Automatically call entry point
Actually all our test scripts contain "new Main();" in order to call for an entry point. This should be invoked automatically by the Interpreter from the PH7_VmByteCodeExec() function.
It should look for a main class, instantiate it, call its constructor if exists. Also it should pass argv as a parameter to the entry point. Some mechanism needs to be implemented to do that. There are two ways:
- PH7_VmCallClassMethod() will take one more argument saying that it should NOT check for parameters count and we will pass argv everytime, regardless any argument have been passed to the script or not. Otherwise, Interpreter will throw error.
- We have to check how many parameters does entry point take. If it take one parameter, pass argv. If does not take any arguments, do not pass it. if takes more arguments, throw error.
Additionally in scope of this ticket, I would like to discuss:
- Which way should we choose to solve above described problem?
- Should the entry class be called Main? Or maybe we should rename it to sth else (eg. Program)?
- Should we try to launch only constructor, or maybe there should be another method implemented (eg. main())? Thus we could do some pre-tasks in constructor, before Main::main() or Program::main() would be called? This could be resolved respectively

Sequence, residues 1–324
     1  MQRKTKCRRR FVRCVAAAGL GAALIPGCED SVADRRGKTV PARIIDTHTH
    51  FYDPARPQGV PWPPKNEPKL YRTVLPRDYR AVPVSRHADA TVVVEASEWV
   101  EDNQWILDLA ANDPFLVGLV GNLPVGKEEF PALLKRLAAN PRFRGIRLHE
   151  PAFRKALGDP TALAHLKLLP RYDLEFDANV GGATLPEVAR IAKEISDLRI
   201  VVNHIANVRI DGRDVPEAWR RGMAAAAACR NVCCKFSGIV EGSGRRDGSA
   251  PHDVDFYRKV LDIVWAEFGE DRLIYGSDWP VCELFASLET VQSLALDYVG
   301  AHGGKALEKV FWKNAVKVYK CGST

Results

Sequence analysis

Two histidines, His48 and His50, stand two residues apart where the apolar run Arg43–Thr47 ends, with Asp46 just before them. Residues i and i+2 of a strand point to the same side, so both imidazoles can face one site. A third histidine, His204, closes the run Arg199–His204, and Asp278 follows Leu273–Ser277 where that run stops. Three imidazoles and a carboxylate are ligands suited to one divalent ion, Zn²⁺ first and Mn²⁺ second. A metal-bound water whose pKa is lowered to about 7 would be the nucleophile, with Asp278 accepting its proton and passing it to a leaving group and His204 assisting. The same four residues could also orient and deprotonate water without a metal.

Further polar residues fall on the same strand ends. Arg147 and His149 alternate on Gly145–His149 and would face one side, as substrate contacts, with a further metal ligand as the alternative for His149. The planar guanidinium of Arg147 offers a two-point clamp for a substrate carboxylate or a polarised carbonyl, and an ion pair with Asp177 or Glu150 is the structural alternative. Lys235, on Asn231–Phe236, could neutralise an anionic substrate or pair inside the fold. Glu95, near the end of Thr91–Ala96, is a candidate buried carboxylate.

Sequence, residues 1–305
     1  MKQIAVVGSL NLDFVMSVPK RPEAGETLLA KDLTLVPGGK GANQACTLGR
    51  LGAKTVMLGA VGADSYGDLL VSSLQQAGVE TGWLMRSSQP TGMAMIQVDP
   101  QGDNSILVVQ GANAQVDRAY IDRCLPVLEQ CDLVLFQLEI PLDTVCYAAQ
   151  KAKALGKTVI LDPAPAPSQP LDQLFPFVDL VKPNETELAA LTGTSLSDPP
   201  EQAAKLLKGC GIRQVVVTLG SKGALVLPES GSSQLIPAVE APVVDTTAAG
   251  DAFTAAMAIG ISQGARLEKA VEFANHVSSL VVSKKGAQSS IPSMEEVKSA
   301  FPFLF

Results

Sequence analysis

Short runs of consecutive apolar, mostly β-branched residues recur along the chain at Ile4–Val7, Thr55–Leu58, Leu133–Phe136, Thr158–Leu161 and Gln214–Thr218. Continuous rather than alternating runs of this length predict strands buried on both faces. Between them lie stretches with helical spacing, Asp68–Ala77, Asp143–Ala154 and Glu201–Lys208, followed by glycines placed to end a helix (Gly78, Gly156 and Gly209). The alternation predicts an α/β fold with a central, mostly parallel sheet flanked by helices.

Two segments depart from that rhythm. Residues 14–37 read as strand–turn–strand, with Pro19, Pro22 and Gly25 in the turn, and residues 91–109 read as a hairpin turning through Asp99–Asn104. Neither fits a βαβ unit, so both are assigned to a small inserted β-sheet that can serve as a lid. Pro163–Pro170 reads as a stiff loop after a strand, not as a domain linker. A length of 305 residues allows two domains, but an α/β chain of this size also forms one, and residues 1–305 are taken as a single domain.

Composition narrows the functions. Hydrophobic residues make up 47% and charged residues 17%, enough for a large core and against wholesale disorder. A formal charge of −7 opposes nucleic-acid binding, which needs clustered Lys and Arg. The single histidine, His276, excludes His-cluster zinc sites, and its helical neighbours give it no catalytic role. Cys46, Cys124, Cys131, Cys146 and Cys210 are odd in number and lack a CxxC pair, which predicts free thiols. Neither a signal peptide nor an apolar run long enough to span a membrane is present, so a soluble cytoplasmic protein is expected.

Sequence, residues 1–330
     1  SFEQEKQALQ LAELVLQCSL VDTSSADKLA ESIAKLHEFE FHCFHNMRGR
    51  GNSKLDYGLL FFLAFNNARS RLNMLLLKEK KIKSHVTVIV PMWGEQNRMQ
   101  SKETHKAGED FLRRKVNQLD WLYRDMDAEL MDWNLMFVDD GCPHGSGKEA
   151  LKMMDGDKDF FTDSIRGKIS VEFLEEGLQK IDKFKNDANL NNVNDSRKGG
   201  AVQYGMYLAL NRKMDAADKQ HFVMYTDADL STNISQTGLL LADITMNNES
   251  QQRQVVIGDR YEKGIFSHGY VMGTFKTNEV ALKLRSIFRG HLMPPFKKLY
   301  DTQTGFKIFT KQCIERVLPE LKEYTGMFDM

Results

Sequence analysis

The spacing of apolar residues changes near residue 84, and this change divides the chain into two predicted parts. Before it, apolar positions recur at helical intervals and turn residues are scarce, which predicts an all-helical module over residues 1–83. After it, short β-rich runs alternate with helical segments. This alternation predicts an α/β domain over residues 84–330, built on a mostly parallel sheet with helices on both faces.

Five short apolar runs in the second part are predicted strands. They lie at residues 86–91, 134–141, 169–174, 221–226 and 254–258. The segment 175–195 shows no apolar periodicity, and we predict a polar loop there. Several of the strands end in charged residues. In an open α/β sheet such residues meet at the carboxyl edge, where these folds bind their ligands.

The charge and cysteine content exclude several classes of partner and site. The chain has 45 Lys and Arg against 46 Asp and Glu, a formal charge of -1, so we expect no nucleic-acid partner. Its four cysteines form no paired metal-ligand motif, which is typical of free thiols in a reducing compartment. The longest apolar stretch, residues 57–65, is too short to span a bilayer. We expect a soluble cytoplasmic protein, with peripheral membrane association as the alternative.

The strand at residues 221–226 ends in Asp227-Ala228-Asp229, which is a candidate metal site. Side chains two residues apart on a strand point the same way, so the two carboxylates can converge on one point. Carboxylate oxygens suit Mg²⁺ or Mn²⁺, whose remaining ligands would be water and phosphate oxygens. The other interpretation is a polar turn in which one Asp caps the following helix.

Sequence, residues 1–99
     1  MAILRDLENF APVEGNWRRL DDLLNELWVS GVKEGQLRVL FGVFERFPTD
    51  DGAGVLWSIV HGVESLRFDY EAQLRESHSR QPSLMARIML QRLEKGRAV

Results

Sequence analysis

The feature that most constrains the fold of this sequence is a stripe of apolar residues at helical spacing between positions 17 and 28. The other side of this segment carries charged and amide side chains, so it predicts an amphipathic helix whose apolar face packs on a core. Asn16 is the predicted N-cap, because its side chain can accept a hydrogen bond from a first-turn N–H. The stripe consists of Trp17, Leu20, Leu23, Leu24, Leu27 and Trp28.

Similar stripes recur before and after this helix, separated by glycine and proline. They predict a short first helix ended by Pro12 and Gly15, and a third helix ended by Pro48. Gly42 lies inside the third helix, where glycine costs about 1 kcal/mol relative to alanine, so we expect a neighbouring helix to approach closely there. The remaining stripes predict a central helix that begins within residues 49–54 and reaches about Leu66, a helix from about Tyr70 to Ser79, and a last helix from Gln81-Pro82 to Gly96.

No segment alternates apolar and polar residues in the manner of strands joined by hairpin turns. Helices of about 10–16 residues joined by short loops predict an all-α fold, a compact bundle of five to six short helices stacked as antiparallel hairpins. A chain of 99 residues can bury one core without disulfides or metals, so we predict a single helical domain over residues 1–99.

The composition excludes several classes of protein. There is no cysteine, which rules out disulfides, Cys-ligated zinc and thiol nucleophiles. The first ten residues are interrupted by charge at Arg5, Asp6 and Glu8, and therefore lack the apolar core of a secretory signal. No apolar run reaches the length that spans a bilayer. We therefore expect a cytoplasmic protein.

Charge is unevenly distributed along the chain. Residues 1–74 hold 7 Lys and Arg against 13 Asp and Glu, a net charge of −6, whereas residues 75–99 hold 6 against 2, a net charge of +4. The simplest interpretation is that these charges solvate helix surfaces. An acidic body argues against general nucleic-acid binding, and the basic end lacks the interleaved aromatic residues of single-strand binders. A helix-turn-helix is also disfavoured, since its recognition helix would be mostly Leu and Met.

$main = new Main();
$main = new Main(); $main->main();
Answering to your questions.
I would say, that it is a good idea to check number of parameters. However, on the other hand, first solution is used in other compilers. For example C/C++ compiler does not verify that. It might depend on implementation, but for sure GCC treats main() as a normal function and allows it to take any amount and any kind of arguments. The mentioned by @belliash check should be done later. The Interpreter should fail if supplied value will not match the variable type. But even this is not verified by other compilers I used to know. If developer make a mistake, the resulting program will cause a segmentation failure. What is more, I think the first solution will be easier to implement. I am not sure if we should do it exactly as described, but I am pretty sure this is the way to follow.
I see no difference. We can even try to use both of them with some precedence.
In my opinion, class constructor should not be used as a program entry. Having some method like main() is more than appreciated. This is also how it works in C#. If we decide to use main() method instead of constructor, I think we could also change the class name from Main to something else, i.e. mentioned Program. This could improve the readability a bit. I am just not sure if it is a good idea to still call constructor then.
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